Eli Reed’s new retrospective book, A Long Walk Home, spans 40 years of a storied career as a working photojournalist. Reed, the first African American to join the prestigious photo collective Magnum, has witnessed and experienced the world through its many turns; tender, tumultuous, violent, vigorous, hopeful and helpless. Although he photographs from a six-foot-five-inch height, his work is never aloof, it is full of compassionate, intimate and grounded moments.
In the foreword by travel writer Paul Theroux, which includes a discussion with Reed, Theroux explores the idea of how one becomes an artist, concluding that it is almost always “sideways.” Reed found his profession not necessarily intentionally, but by following his intuition and finding mentors who help lead the way to a creative life. “I was wandering into photography without realizing it,” Reed told Theroux.
Reed describes the book as “an exploration of what it means to be a human being.” He was first a painter; in high school he painted a view from his family kitchen that showed an expanded view of the world outside the window. Dreaming of the larger world beyond where he grew up, in Perth Amboy, New Jersey, was something Reed did often as a boy. Books like Lawrence of Arabia and “The Secret Life of Walter Mitty” added fuel to his natural curiosity. But reading about the world wasn’t enough, “I wanted to see the world with my own eyes,” says Reed. “I wanted to experience what people were capable of and why.”
Reed’s parents were supportive of his artistic pursuits. Although Reed grew up with the “tough guys” in his neighborhood, his childhood memories are ones of warmth and camaraderie. As a kid he was aware and curious about the larger world.
He attended Newark School of Fine and Industrial Arts, and in the ages before computerized layouts, worked as a paste up artist using hot wax for print designs. This was where he discovered photography’s powerful potential as a form of communication. Looking through the pages of Look and Life magazine, and the work of Roy DeCarava, (the first African-American photographer to win a Guggenheim Fellowship) led him to the Kamonge photo workshop, a collective of African-American photographers.
Reed grew up during the Civil Rights Movement and was acutely aware of the racism, subtle and otherwise, that affected the lives and opportunities of his parents, his friends and his own. Images in the pages of Life and Look magazine taken by Magnum photographers and other photojournalists inspired Reed by documenting those brave people who were challenging the status quo.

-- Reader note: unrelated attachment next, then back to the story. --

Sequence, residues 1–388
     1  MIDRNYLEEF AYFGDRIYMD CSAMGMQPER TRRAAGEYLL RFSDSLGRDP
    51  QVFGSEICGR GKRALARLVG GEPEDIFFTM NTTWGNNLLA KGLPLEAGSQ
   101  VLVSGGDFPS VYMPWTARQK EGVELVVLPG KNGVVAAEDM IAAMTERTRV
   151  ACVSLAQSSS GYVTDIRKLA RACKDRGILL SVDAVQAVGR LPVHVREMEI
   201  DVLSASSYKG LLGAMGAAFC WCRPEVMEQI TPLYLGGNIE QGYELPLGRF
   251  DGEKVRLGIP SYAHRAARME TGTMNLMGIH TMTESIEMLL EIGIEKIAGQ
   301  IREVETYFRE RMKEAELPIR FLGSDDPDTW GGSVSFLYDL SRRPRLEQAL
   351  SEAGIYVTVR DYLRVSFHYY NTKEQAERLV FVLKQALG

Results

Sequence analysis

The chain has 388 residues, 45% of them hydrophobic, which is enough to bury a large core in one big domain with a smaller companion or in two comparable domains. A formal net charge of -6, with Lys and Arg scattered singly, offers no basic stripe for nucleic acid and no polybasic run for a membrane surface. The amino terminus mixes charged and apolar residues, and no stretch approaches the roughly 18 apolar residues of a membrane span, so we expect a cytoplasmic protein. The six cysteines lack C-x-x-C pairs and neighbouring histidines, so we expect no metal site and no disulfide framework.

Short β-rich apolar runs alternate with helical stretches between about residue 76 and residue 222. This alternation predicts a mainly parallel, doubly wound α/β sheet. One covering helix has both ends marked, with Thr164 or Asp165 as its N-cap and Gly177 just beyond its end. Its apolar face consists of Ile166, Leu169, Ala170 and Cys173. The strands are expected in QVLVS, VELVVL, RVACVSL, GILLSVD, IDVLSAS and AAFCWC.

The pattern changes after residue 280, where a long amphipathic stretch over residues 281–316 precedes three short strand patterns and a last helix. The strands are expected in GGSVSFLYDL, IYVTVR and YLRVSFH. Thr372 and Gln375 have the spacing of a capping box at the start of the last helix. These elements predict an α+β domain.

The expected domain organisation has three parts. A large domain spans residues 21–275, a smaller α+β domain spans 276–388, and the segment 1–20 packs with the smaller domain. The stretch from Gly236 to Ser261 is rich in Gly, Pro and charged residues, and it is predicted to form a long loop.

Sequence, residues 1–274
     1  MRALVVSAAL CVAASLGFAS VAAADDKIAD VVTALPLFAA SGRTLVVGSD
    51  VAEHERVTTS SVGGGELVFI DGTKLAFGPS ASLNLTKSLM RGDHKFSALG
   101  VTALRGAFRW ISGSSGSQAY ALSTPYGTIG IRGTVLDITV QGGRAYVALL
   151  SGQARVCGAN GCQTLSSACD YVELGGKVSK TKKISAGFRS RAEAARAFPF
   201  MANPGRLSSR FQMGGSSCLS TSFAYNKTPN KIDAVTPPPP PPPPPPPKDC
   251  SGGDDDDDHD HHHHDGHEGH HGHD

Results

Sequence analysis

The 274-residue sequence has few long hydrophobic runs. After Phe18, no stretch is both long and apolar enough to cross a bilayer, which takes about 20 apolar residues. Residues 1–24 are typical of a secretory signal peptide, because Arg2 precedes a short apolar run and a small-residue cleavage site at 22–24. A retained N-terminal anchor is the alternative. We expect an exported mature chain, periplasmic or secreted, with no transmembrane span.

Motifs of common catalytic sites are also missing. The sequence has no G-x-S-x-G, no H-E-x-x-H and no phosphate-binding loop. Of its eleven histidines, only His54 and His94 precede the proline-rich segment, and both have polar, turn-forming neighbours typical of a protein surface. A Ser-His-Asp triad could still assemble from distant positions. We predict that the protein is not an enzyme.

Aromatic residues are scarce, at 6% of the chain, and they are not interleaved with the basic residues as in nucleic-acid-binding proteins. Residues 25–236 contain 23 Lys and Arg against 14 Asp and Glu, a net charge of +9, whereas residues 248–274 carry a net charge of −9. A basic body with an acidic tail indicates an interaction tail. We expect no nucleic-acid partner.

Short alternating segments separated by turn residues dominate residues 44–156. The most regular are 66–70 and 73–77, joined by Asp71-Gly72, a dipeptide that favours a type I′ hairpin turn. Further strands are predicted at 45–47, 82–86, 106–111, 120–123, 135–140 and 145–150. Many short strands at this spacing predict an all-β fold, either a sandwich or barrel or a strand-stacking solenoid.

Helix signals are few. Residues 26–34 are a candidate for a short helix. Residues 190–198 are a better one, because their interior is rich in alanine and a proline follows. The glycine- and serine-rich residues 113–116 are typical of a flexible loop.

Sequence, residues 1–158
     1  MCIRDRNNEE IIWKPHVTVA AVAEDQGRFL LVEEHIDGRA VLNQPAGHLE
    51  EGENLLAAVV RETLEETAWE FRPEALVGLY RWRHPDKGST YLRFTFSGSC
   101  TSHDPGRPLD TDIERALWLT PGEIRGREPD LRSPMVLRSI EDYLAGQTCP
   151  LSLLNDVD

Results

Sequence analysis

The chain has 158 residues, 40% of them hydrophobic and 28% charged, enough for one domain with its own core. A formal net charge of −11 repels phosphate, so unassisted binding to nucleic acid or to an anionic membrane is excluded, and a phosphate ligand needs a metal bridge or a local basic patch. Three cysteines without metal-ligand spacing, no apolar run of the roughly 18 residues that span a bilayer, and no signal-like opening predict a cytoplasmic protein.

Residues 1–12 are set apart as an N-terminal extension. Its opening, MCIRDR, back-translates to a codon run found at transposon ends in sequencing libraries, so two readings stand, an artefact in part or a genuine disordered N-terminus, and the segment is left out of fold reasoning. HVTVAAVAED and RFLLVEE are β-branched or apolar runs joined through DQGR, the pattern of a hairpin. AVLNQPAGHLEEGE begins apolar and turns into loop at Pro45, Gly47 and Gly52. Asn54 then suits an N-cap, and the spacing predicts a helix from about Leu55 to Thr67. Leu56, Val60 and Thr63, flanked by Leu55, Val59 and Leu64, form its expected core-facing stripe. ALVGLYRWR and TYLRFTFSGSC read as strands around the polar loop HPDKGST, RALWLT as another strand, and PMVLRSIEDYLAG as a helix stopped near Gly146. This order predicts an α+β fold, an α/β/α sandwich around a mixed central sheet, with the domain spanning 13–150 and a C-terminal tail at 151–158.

“I was always observing,” Reed says. “There were moments of incredible horror, or incredible beauty, and they stick with you. I had a lust to see and understand the world, how people endure what they have to endure. I wanted to see beyond the obvious.”
While working for the San Francisco Examiner newspaper Reed turned his camera to the crisis in Central America. There, he created the body of work that lead to joining Magnum in 1981. That year he was also recognized as a Pulitzer Prize finalist for a series of images shot in the housing project “The Pink Palace,” published by the Examiner.
In 1982, he was invited to be a Nieman Fellow at Harvard University, where he studied political science and urban affairs. He also spent four months of that time in Lebanon, covering the daily life of citizens under the relentless pressure of conflict. Over the course of five years, Reed returned periodically to Beirut, during which he was kidnapped when mistaken for a militant known as the black “Rambo.” His body of work from that experience became his first book, Beirut: City of Regrets.
Eli Reed's Favorite Images
Eli Reed: This was in 2009 when President Obama was really getting things started about the health care initiative. He was heading to a meeting in the Rose Garden and he just had this swagger, like John Wayne or Gary Cooper, and to me it said “ I’m not going away, I am ready to do business.”
Eli Reed: This was in the Benaro refugee camp in Rwanda. People want you to know that their lives mean something and they want the world to know what is happening to them. This was a very intense place, a Doctors Without Borders camp. The kids were very wary, very afraid. All of my communication had to be non verbal, in this situation, but their eyes were saying, “Look at me, be our witness.”
Eli Reed: We were in a refugee camp in north Lebanon, I was very concerned about our driver, he was so afraid, he wouldn’t listen. We ended up getting stuck in the road sideways and had to jump out of the car to avoid shelling that was coming in like raindrops. As we were running down the road, I thought, “I could be in San Francisco looking at the ocean, instead, I’m here, running for my life.”